Think of Delhi and the first three things likely to come to mind would be traffic, pollution, and, of course, the extreme weather. Pick any one and you can guarantee it has been the reason to ruin an utterly ordinary day within the last 24 hours. If you happen to be a resident of this city, you’d probably have lost count of how many times that happened before you could make it past the half-week mark.
Delhi wasn’t always like this, though. My mother, having grown up here, often reminisces of wide, empty roads, lush greenery bordering the streets, and clean, breathable air. Her fondest memories are of long walks in and around Connaught Place, in the late 60s through the 70s. It was, perhaps, the opportunity to relive her youth that instinctively made me pick up this book.
It is 1974. Indu has inherited a flat from her grandmother and wants to turn it into a library for women. Her parents think this will keep her suitably occupied till she marries her fiancé, Rajat, who’s away studying in London. But then she meets Rana, a young lawyer with sparkling wit and a heart of gold. He helps set up the library and their days light up with playful banter and the many Rajesh Khanna movies they watch together.
When the Emergency is declared, Indu’s life turns upside down. Rana finds himself in trouble, while Rajat decides it’s time to visit India and settle down. As the Emergency pervades their lives, Indu must decide not only who but what kind of life she will choose.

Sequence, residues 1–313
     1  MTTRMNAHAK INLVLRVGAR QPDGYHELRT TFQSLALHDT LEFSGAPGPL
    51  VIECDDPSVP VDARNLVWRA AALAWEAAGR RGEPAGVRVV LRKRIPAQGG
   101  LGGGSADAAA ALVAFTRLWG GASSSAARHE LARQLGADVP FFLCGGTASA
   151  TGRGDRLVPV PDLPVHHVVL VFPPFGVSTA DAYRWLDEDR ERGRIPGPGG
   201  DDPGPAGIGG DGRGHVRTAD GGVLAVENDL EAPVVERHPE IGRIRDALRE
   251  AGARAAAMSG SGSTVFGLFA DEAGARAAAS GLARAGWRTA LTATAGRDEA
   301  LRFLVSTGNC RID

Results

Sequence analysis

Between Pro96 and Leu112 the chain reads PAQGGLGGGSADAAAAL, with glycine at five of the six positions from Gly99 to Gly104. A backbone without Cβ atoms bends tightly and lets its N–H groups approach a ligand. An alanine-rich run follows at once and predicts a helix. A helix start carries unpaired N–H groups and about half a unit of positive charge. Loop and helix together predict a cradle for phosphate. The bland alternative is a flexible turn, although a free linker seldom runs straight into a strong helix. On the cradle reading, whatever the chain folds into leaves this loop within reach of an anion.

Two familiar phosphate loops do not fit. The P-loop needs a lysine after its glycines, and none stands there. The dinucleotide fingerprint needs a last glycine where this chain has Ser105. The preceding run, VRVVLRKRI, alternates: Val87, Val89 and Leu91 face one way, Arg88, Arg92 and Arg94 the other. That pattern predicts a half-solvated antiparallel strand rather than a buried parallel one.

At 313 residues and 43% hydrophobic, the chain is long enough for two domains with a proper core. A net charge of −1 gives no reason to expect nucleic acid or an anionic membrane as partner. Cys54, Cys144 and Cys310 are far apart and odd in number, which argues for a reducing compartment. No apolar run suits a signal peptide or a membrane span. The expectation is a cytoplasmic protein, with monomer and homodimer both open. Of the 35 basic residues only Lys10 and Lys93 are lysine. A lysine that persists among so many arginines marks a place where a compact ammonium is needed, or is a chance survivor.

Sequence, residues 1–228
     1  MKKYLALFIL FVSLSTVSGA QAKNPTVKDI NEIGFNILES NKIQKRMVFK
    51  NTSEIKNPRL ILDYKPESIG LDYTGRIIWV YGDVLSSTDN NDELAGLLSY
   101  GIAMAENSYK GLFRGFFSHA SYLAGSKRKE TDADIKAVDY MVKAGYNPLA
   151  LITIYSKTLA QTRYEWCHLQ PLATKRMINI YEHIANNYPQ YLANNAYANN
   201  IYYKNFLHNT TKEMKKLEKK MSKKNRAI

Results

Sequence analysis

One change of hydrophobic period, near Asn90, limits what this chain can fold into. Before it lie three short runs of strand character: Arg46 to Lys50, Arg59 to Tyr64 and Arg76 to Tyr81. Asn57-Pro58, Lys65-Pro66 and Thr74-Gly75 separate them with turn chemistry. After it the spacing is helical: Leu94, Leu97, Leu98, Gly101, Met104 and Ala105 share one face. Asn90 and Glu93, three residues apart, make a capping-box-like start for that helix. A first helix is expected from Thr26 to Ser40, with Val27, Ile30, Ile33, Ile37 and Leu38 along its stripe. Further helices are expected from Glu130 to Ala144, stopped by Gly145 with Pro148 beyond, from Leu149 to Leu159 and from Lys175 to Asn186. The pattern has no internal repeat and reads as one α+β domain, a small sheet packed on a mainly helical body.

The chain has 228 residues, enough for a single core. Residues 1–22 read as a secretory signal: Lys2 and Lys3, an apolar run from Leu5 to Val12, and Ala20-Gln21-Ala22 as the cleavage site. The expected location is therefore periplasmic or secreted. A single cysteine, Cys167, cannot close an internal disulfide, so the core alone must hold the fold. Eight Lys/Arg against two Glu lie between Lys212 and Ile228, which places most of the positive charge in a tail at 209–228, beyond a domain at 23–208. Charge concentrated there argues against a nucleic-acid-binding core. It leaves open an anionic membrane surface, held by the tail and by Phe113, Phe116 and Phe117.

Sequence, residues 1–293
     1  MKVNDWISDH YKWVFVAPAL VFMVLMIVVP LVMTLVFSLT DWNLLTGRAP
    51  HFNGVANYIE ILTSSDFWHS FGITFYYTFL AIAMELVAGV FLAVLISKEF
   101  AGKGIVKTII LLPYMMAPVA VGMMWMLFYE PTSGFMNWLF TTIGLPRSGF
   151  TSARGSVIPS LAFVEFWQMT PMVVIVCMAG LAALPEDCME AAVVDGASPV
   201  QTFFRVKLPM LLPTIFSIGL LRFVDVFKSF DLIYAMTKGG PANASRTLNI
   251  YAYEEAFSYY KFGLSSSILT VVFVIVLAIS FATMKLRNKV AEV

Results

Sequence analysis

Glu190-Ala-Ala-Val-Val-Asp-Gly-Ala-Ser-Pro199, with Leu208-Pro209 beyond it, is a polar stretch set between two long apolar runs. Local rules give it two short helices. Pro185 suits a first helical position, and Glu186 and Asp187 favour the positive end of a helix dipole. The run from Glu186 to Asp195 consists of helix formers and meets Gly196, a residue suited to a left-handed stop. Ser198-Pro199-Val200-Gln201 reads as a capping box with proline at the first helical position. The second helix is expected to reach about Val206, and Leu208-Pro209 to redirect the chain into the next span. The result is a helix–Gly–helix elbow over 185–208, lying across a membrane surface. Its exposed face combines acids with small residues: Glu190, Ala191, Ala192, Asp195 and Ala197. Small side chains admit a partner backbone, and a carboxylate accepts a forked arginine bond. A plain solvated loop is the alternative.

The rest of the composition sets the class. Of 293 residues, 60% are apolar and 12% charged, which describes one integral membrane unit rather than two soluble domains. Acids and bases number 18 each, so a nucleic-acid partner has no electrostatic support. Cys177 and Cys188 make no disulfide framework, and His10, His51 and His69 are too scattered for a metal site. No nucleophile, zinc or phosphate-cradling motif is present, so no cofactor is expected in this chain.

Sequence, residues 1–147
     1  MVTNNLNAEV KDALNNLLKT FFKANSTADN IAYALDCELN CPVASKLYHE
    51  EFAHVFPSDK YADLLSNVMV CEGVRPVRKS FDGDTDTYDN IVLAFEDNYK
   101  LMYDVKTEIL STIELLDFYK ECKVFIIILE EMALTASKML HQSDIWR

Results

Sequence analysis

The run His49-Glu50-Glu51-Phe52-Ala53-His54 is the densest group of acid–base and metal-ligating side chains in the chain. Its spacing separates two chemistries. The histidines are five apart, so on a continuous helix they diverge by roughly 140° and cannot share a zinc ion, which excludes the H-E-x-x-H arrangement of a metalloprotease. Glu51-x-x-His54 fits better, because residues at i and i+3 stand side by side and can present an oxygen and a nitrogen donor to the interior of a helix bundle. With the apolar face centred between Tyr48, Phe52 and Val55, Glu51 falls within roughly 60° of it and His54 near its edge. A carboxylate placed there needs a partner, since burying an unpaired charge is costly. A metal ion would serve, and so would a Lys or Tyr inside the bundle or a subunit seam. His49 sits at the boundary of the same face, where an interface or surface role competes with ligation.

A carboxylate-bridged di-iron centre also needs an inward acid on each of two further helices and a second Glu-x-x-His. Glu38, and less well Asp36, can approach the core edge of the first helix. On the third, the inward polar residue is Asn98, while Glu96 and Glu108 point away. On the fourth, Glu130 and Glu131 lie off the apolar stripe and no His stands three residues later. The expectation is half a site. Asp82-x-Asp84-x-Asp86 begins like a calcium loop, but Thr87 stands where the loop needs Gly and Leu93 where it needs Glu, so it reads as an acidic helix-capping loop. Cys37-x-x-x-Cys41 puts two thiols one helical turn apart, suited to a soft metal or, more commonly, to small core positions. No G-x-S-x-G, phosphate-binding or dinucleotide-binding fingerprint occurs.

Read my detailed review of the book, published on Women’s Web as a Featured Post, here.
Title: Once Upon A Curfew
Author: Srishti Chaudhary
Publisher: eBury Press by Penguin Random House India
Edition/Year: First Edition 2019
Source: Women’s Web
Rating: 3 Stars
Available on Amazon.
About the Author: Srishti Chaudhary studied creative writing from the University of Edinburgh and English literature at Lady Shri Ram College for Women. Previously, she had a series of short stories published by Juggernaut Books and the Glasgow Review of Books. Her articles have been published by BBC, Vice, Nat Geo India and the Hindu Businessline, amongst others. Her ideal day would involve a few hours of writing, a run in a big park with bigger trees, and some zumba. She wishes she had a cool signature, the apparent prerequisite to being a writer. She can be reached at www.srishtichaudhary.com.